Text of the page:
- Patrick Rothfuss actually seems to have a trilogy in mind, and claims that it's pretty much written. All that's left is the editing and revising.
- It's a very very very good book.
I've been trying to figure out what it is that makes this book so appealing to me, and I've had a hard time putting my finger on it. Nevertheless I'll try to quantify it:
Kvothe is an excellent character, and the books are his personal story. This focused story-telling point of view is very reminiscent of Corwin's role in Roger Zelazny's Chronicles of Amber, another favorite of mine. Many fantasy novels fall into the multiple points of view pattern, which, if done well, is great. Unfortunately it's not always done well, leaving the reader with a dozen confused and half-developed characters. Kvothe is also one of my favorite archetypes: clever, powerful, stubborn and sometimes rash. It's a combination that leads to terrible consequences and astounding victories while seeming completely believable.
The writing is wonderful, both playful and tight. It's clear the author loves writing and has put his heart into this volume. Some might say the pacing is slow, but I found it deliberate instead. And engrossing. I often read before going to bed, usually 20 or 30 minutes and I'm nodding, but with The Name of the Wind and the second book, The Wise Man's Fear, I've caught myself still reading at three AM.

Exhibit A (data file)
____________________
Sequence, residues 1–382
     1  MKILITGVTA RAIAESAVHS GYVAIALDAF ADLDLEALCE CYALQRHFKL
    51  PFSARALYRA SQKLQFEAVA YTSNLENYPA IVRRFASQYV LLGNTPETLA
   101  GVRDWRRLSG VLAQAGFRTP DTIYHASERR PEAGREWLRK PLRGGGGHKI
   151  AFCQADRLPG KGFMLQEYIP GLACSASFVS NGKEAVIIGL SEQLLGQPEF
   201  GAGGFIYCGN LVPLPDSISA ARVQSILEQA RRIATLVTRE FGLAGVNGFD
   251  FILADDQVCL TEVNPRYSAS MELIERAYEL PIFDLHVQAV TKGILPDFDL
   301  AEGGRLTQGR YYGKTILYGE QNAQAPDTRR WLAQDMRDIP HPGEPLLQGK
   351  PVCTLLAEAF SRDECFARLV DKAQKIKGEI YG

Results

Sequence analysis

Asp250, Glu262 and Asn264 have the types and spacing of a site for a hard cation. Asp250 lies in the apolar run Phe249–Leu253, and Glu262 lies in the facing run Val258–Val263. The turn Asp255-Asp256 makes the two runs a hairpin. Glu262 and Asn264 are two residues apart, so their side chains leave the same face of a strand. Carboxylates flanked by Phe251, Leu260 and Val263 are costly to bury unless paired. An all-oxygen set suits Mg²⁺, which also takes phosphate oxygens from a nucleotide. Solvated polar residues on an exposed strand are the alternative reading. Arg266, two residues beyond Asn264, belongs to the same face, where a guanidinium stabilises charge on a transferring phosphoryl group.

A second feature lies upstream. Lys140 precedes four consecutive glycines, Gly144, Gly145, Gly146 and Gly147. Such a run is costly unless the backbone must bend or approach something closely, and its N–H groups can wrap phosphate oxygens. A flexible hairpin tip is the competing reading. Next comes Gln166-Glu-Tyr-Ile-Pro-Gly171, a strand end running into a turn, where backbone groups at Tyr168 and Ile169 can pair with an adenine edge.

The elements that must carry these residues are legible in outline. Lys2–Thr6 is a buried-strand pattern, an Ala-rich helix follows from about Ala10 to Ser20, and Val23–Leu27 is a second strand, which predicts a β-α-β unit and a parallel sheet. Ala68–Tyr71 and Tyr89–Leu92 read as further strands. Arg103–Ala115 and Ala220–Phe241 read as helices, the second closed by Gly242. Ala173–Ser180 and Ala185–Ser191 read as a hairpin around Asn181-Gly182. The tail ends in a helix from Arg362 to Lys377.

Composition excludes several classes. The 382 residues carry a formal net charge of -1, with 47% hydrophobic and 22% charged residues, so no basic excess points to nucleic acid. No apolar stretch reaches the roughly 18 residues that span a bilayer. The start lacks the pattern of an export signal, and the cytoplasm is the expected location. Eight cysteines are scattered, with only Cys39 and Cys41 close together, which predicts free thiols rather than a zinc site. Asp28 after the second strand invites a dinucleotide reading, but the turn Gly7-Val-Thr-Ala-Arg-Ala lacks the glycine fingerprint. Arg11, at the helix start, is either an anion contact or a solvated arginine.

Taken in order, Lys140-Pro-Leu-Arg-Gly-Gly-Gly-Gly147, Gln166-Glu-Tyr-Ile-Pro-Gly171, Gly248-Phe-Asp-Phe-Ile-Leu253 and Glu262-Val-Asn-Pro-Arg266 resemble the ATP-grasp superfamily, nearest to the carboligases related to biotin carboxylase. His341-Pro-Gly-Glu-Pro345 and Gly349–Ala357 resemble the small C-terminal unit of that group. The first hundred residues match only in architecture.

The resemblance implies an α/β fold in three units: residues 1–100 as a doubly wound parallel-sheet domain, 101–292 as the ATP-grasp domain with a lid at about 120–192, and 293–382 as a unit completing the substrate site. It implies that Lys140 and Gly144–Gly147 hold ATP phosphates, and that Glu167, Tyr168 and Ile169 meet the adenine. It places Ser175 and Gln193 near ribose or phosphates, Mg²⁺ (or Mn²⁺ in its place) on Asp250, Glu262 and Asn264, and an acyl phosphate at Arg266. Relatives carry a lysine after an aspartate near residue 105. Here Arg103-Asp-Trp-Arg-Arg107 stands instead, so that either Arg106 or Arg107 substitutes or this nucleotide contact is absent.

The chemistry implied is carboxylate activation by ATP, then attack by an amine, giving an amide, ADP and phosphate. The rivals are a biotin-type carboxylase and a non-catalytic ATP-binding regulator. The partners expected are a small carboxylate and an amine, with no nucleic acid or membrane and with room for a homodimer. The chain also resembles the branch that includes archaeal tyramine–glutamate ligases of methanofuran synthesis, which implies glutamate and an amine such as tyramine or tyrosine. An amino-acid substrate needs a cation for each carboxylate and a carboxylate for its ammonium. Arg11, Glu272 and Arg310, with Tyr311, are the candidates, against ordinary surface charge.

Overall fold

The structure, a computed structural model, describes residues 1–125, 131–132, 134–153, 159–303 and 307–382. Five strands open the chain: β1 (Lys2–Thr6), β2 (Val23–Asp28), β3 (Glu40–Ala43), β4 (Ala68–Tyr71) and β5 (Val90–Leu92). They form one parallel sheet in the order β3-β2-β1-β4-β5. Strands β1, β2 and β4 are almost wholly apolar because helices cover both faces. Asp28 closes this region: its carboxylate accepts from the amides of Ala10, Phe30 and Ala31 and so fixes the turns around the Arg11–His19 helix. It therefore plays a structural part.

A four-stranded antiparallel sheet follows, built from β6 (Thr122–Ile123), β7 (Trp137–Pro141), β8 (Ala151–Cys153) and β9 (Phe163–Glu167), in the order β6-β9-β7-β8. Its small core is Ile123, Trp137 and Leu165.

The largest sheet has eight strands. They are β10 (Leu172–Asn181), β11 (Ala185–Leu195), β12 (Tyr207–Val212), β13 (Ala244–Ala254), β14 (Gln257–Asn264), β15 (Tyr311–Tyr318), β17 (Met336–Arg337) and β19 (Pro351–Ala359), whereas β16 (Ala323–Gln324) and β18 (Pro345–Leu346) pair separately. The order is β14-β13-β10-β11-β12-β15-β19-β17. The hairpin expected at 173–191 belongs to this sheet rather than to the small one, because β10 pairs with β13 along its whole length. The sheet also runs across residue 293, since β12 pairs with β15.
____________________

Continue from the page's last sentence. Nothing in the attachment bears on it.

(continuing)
Lastly, and to me most importantly, it feels as if there is an ending in sight. By telling the story as a narration from its end, there's already a sense that things have a conclusion; something I, as a reader, find reassuring. Especially after experiencing the "trilogy becomes quintilogy or septilogy" effect. This is a lesson that many fantasy-brick authors could benefit from - yes I'm looking at YOU George R.R. Martin!
So what's it about? In short the first book tells the story of Kvothe's early life: growing up as one of the wandering Edema Ruh; surviving as a penniless urchin on the streets of Tarbean; becoming a student of the arcane arts at The University; and finally... well, I wouldn't want to spoil the ending. Needless to say there are many twists and turns. Kvothe makes friends (and enemies), pursues an ancient mystery, becomes romantically entangled with a mysterious woman, and in the end, barely survives his turbulent youth using little more than his clever wits and skillful fingers.
In conclusion I'll just say that there have been few books in recent years that have held my interest as well as The Name of the Wind and The Wise Man's Fear (which I'm reading now). Mr. Rothfuss is to be commended for bringing us Kvothe and his wonderful story. I can hardly wait for the final volume!